Once again I find myself in that twilight world between books or as someone who occasionally mixes his metaphors just to annoy: in that no-man’s land. It is an odd place, a place you have looked forward to arriving at for several months if not years; a place where you thought you would feel the shackles of the project you have been encased in quickly fall away. And yet, in that lightness of spirit as your final draft is batted back and forward between you and your editor, something else arrives. Instead of the nagging guilt you get when you stop working deep in the process of either creating – sometimes before you have even delivered your last book – an odd malaise begins to descend. This uneasiness comes quietly. At first, whispering in your ear like a lover waking you from slumber but soon it begins to hector you, politely at first, until before you know it, it is screaming across a room full of people at you: What Now!? You need to write, get writing, if you don’t start writing soon then you are no longer a writer, you are in danger of becoming that midwife of a million good intentions and still born books: a Procrastinator.
Don’t I deserve a break? Now I have stopped teasing and tweaking my last story like a plate-spinner, who has kept a few dozen plates spinning precariously aloft for years – am I not entitled to a rest? Am I not entitled to that final thrill of stopping and letting the crockery smash all around me? A reasonable answer, when the sun is streaming through my window and the last of my pomegranates are waiting in the garden to be picked is: yes of course you are. But at 4am, that annoying time that drags me from sleep far too often nowadays, the answer is less forgiving, less accommodating, less reasonable. You could stop but: You may forget that other story – you know the one you promised to consider; or, you could stop but, you might lose that drive and never write again; or, you could stop but… Welcome to the duel world of the fiction writer.
In the end it’s about trust of course, trusting yourself. Although the infuriating voice, that subconscious noise that declares it knows you better than you know yourself may be entitled to worry – it is after all the voice of the epic struggle that got you off your ass and into writing in the first place – it is not always right. In its over compensation of not allowing you a moments peace to slip out of the hard built habit of telling a story, it can also become a hindrance or even a danger. For where do the new ideas come from if you are always immersed in a story? Yes ideas do come but they have little chance to take root, as more often than not they are jotted down and put in your own little slush-pile to sift through at a later date, a later date that all too often never comes if you immediately flick from one project to the next.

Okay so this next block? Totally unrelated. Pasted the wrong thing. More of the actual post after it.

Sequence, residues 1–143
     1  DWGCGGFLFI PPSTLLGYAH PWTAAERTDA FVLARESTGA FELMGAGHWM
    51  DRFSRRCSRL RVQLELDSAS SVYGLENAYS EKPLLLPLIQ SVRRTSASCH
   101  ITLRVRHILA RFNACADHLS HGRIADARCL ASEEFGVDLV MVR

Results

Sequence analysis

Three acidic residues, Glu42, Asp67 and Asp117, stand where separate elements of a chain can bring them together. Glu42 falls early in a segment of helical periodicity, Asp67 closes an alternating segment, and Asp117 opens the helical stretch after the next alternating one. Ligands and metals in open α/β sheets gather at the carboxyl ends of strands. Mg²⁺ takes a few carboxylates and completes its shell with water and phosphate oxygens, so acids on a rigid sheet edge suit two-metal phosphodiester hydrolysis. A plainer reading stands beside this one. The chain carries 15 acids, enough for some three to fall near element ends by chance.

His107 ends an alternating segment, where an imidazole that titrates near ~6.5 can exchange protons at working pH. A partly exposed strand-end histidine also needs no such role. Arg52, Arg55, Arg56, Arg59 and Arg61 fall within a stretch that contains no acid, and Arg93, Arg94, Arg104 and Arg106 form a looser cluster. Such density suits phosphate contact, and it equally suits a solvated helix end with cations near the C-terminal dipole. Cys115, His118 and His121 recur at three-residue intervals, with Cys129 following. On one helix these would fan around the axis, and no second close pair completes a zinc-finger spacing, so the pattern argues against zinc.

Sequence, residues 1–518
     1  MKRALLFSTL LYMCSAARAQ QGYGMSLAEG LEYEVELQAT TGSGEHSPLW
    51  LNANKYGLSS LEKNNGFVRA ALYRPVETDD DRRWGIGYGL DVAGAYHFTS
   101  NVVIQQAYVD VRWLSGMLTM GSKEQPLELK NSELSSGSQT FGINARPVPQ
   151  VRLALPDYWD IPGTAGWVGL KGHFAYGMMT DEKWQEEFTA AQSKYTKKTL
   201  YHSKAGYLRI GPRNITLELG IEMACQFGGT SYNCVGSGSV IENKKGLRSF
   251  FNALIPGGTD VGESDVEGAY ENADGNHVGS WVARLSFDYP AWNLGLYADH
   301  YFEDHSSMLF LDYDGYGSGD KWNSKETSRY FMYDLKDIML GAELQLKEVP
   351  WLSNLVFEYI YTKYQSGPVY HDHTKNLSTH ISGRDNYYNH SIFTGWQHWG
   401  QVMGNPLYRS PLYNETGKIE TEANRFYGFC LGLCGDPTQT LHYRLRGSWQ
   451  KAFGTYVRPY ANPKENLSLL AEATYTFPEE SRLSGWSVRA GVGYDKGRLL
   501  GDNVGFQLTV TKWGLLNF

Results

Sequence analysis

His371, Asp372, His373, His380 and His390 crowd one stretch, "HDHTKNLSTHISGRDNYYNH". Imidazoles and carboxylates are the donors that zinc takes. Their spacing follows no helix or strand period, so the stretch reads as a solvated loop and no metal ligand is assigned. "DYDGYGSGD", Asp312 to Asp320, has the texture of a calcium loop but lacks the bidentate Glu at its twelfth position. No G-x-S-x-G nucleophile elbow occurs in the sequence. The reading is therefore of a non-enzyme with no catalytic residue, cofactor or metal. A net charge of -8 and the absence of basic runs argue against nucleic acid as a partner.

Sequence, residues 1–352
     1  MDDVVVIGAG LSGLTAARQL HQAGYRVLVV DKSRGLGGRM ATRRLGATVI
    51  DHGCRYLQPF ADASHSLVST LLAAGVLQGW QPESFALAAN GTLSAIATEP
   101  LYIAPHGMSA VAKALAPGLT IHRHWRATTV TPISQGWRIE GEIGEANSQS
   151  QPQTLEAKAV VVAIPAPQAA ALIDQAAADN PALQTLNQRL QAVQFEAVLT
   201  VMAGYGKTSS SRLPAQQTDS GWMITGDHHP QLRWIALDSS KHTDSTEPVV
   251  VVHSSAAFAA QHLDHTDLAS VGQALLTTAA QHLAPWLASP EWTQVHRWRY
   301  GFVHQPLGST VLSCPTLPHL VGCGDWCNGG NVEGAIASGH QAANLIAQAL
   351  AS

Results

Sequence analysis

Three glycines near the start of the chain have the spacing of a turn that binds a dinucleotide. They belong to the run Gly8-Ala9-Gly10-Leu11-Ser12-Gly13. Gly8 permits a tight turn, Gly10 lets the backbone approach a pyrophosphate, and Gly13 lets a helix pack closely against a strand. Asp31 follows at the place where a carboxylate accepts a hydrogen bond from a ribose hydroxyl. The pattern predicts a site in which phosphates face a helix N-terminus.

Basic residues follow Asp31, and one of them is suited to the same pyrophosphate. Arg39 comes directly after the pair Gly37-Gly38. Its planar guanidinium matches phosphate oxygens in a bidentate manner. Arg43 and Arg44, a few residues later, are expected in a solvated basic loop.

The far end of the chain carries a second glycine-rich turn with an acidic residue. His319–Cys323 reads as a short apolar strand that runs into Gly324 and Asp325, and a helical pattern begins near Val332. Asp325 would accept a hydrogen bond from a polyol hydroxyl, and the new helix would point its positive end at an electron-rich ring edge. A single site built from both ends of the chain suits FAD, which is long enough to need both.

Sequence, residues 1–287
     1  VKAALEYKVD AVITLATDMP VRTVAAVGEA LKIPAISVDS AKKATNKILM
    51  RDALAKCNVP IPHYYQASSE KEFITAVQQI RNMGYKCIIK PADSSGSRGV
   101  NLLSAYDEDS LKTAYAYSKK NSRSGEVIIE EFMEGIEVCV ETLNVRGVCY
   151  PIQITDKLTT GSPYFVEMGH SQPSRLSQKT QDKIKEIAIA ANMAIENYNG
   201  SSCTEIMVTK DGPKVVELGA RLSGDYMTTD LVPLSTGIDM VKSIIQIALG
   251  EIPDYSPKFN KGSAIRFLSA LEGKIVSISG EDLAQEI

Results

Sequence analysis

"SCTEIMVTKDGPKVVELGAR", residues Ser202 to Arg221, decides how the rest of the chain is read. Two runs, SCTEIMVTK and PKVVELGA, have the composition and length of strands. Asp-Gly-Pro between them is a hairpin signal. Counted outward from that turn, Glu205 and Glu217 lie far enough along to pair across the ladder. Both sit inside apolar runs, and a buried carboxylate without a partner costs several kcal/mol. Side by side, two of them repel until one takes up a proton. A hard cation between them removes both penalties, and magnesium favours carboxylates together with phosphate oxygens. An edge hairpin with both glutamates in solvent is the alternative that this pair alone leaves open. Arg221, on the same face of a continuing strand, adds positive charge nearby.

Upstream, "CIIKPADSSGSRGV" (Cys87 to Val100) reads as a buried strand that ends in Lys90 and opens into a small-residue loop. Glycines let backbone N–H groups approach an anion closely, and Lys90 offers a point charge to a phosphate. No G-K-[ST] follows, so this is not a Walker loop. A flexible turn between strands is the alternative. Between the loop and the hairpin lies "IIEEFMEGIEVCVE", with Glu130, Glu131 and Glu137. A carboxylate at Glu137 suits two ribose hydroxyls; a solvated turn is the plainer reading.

Reality and the now is something that needs a little time, a little respect if we are once again to become the truly blank canvas we need to become in order to start building our new story, our tale from nothing upon. A Blood Red Moon has taken me almost 4 years to write and in that time many things have happened: friends have come and gone or more sadly died, wars have started and ended but all too often everything was subservient to the story that filled my head every morning. Although I love the story I’ve created (and hope you will to!) the fact it was set a century ago, meant my own reality has been skewed beyond what writing something more contemporary may have done. I took breakfast and walked every morning then spent the next 4 or 5 hours in an unfolding drama from a hundred years ago. Then I would have lunch and try and switch back to the present although not always successfully. Sometimes, perhaps in company or at the pub, the talk may be of politics or football or the tittle-tattle of a small village but my thoughts far too often drifted back to half forgotten wars and the family drama’s of my long dead characters, who were just as alive for me as if they were sitting beside me. Such is the schizophrenic lot of a writer.
The answer, my answer perhaps not yours, is to ignore that guilt inducing voice and to just get right away from myself and any familiar surroundings. Then, and only then can something new be conceived, something new and exciting can be born. I say exciting because whatever you decide upon must not only sustain you in those first exciting weeks of creativity, when the story rushes onto the page but it must also be still worth persevering with many months or even years later, when you’re quite sick of hearing the story and the voices of even your most interesting characters. My last story was born during a grand tour of South America. I am hopeful my next one can be born in the sunshine of my approaching winter trip to south east Asia. If not then perhaps my hectoring conscience will have be proven right all along. Perhaps my writing days are at an end. Then what? Back to sculpting or painting… possibly. Maybe living in one reality, instead of two would be nice for a change. But do writers ever really retire? Yes we can stop writing but what happens when your nagging voice turns up one day with another fresh and exciting idea? As the late Maya Angelou once said:
“There is no greater agony than bearing an untold story inside you.”
Happy Holidays and good luck to you all in 2016. I hope those of you who are still looking finally do find your muse.